It identifies as a "3120 Laptop Computer" in the BIOS.

This prompted me to go and find the PC Mag article on this laptop that was where the one photo was from. That issue is from March 13 of 1990. The FMA3140 was registered with FCC on March 19th (and that's the earliest laptop registration from NTC), meaning that this thing is a total mystery. There is no FMA3120 ID in the FCC registry for NTC, and there's no way it was reviewed before passing FCC, that usually happens months after. The 3140 has also already been ID'd by creepingnet as a different laptop.
So, what on earth is this thing?

PC Mag: https://books.google.com/books?id=AlnQ5OJS6XgC&pg=PT264&dq=uniq+phd&hl=en&sa=X&ved=2ahUKEwjcmvDt1IODAxUNj4kEHUw8AK4Q6AF6BAgFEAI#v=onepage&q=uniq phd&f=false
 

JamieDoesStuff

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Well, good news: the AC connector for the FMA3300 is indeed standard! I first got this idea by looking at Electric's site ( of course :) ), and he has a WinBook with a rather similar connector, a Kycon KPPX-4P, which is the 4-pin variant. Now, mine is the 3-pin one: the KPPX-3P, and both are still in production and can be found at both Mouser and Digikey. I've just ordered a connector (they're a bit overpriced/overengeineered: there's a whole spring loaded mechanism, supposedly to prevent accidental removal of the plug? not quite sure how it works, but will figure it out once I assemble it - yes, you have to assemble it.) and hopefully it'll get here before New Year's, so I don't have to wait for 10 more days.
 

3lectr1c

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Glad it could help! Someone on the 68kmla forums ID’d that first connector for the WinBook in fact :)
I think we also ID’d the 3 pin in question on that same thread but I didn’t have info on that one up on my site. I’ll go look back again - I don’t remember it being from the same supplier but I’ll bet there’s a bunch of companies making them.
 

JamieDoesStuff

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And.... blistering success!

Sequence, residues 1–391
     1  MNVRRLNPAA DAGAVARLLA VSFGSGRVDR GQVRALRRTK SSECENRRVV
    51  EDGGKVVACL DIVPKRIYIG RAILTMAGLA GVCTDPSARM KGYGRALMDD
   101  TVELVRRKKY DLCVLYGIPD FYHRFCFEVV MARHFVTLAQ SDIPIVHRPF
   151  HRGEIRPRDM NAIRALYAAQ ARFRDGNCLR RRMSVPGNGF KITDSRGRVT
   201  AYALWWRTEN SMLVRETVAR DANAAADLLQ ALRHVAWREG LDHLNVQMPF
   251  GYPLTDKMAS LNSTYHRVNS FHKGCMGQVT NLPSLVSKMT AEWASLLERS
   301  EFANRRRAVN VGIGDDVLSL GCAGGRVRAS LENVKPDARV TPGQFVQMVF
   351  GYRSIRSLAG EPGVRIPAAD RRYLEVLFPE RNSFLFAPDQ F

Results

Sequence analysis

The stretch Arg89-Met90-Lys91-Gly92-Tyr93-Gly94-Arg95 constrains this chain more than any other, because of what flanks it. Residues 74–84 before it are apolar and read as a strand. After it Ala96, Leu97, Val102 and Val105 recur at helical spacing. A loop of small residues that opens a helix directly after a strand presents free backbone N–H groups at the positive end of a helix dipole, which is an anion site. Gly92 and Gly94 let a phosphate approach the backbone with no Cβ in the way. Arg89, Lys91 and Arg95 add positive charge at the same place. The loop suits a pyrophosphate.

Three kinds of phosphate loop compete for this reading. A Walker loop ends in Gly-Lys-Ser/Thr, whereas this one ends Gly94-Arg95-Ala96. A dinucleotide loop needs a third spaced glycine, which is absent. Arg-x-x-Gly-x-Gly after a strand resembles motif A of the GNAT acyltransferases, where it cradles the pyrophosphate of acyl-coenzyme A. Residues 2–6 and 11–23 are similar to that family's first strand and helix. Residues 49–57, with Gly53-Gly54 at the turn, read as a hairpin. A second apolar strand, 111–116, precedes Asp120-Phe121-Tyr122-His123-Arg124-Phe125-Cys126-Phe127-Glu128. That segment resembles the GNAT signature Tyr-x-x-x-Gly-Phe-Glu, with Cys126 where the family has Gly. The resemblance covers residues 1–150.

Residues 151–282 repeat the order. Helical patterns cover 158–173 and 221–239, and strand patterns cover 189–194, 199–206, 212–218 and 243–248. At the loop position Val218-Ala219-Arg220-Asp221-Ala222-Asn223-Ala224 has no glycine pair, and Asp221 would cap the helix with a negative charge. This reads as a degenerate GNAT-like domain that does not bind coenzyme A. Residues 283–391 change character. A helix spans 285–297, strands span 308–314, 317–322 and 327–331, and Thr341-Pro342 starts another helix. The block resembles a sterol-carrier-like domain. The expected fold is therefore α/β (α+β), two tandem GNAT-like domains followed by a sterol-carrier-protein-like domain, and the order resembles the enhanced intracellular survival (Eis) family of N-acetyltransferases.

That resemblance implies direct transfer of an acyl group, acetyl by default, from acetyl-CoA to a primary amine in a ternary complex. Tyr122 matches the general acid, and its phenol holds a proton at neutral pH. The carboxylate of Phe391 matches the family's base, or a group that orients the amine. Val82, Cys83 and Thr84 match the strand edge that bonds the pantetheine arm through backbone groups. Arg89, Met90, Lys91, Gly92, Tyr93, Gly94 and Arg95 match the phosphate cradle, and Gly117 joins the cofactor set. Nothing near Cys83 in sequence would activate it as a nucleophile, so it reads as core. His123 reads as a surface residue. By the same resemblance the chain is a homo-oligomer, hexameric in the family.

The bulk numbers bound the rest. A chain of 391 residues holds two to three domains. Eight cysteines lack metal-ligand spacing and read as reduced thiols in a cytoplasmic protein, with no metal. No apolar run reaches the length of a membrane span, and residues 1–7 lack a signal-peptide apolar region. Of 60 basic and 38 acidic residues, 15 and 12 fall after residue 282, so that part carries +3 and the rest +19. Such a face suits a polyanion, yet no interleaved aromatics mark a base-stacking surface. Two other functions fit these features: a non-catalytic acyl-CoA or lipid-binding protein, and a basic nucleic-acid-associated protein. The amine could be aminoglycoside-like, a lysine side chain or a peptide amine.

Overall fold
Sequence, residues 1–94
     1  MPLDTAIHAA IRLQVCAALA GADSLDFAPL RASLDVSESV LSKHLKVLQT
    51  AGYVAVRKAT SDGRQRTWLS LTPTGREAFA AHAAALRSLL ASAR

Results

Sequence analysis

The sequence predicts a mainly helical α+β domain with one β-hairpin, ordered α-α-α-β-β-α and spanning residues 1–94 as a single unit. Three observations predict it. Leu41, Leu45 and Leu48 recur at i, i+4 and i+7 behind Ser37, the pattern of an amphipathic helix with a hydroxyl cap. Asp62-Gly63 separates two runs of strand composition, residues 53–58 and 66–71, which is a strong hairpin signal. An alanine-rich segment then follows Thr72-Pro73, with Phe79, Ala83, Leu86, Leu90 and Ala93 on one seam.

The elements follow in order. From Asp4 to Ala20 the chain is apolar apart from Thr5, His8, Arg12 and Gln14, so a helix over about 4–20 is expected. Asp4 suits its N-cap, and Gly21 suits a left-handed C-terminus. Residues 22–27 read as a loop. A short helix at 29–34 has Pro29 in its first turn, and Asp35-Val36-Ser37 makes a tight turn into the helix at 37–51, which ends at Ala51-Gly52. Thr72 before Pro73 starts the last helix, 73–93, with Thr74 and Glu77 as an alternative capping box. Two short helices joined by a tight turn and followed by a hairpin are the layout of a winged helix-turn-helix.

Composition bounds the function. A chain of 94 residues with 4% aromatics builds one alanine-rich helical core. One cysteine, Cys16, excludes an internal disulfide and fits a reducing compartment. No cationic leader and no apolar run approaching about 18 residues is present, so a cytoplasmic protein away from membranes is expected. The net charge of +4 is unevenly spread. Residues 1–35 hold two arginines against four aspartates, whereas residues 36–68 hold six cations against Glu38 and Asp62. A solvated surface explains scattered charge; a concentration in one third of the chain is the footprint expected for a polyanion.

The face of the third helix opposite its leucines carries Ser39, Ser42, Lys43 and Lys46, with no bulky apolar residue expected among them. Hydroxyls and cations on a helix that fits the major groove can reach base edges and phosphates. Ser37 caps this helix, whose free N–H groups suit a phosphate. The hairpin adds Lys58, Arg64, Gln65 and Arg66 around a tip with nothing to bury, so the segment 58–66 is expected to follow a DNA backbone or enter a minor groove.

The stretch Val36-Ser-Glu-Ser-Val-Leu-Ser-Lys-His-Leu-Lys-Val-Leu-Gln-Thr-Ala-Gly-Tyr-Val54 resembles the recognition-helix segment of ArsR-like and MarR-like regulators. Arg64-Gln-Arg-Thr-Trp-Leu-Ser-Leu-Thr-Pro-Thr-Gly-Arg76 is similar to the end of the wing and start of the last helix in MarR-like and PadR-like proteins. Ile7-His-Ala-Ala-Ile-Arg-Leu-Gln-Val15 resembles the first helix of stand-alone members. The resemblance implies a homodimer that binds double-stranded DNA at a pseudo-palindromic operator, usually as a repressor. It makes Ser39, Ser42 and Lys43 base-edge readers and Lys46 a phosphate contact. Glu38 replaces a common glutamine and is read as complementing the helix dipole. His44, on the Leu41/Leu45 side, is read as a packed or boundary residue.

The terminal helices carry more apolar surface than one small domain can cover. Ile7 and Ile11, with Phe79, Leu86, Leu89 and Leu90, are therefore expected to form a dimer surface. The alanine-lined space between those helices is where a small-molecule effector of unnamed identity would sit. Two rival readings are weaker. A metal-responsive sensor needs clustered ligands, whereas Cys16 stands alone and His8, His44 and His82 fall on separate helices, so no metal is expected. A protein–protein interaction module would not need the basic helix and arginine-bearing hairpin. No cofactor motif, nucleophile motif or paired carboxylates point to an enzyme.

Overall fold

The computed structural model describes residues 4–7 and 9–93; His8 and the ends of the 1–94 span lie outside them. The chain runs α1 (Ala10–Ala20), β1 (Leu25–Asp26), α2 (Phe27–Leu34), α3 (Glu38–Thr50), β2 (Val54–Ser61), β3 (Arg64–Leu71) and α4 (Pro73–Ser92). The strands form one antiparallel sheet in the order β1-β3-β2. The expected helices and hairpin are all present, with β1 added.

IMG_0927.JPG

I have to say, it was a bit of a struggle to get here, partly because the soldering required is a bit above my level, and mostly because assembling the connector was pure living hell and I hated every. single. part of it. Components just not fitting right, me promptly then using pliers, making everything worse, being in immense mental pain and wanting to throw the whole assembly out of the window. But in the end I managed, and it doesn't even look half bad!IMG_0932.JPG

Now I've got to fix the hinges. This is tricky, since the part that's broken is metal, and I really don't know what could possibly make a strong enough bond with it and the plastic housing long term. Some form of epoxy, perhaps? I'd love to hear your suggestions.

Oh and to @creepingnet specifically: how did you separate the floppy and IDE flex cables from the plastic connector on the motherboard?
 

JamieDoesStuff

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Unfortunately not available in my country. There's really only some Bison stuff, but I figure it's better to give it a shot than not. Welding is completely out of question, too, with how small of a part it is.
 

creepingnet

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I’d give JB Weld a go on the hinges. Glad it works!
I'd give Baking Soda & Superglue a go. I've had luck with that on my NEC Versas. The Exothermic reaction melts the plastic together. I've got a NEC Versa P/75 whose entire bottom half is held together with that stuff. My M/75 is not far behind.

@JamieDoesStuff - I don't think I even took that connector off the motherboard, I just cropped it out of the photos. I remember trying to remove it myself and giving up beforehand. THe one mod I did do involving the hard disk was I crimped on a regular 4-pin Molex as I plan to stuff a larger capacity HDD into the computer once I get the entire hard disk backed up (which is difficult because my FMA3500C has Stacker installed on it so no EZ USB transter).

for those that wonder about the Dell CMOS Battery I'm using - it's still holding a charge and looking good almost a year in, so seems it works well. Also, I have to wonder if there's a small trickle of a charge these things can take because I had a weird experience recently with a Five And below USB Keyboard at the jobsite - It runs on Alkline AAA Batteries and somehow, It got charged by the USB port (!!) enough. It was dead as a doornail when I brought it in. It was enough to setup a tracking board, so maybe the little coin cell can take a minor charge. Just a theory.
 

JamieDoesStuff

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The issue is that I need to bond metal with plastic, and I'm not sure that superglue would even be able to withhold itself with the stress it's being put through. It seems as if someone tried to pry the display open more than it was designed, and the 4-5mm wide and thick metal that was holding it to the screen housing gave in.

For transferring files to and fro old machines, I swear by the Zip drive. I found one for 5 euros at the flea market, and ordered disks for 1.5 euros each, and I now have 5 disks. Very cheap, the only downside is that you have to keep track of the health of the drive from time to time (Trouble in Paradise, Gibson Research Corp., freeware), but I figure if it hasn't failed yet, then it probably won't for a long time. Also you need a working floppy drive for loading the DOS drivers, obviously.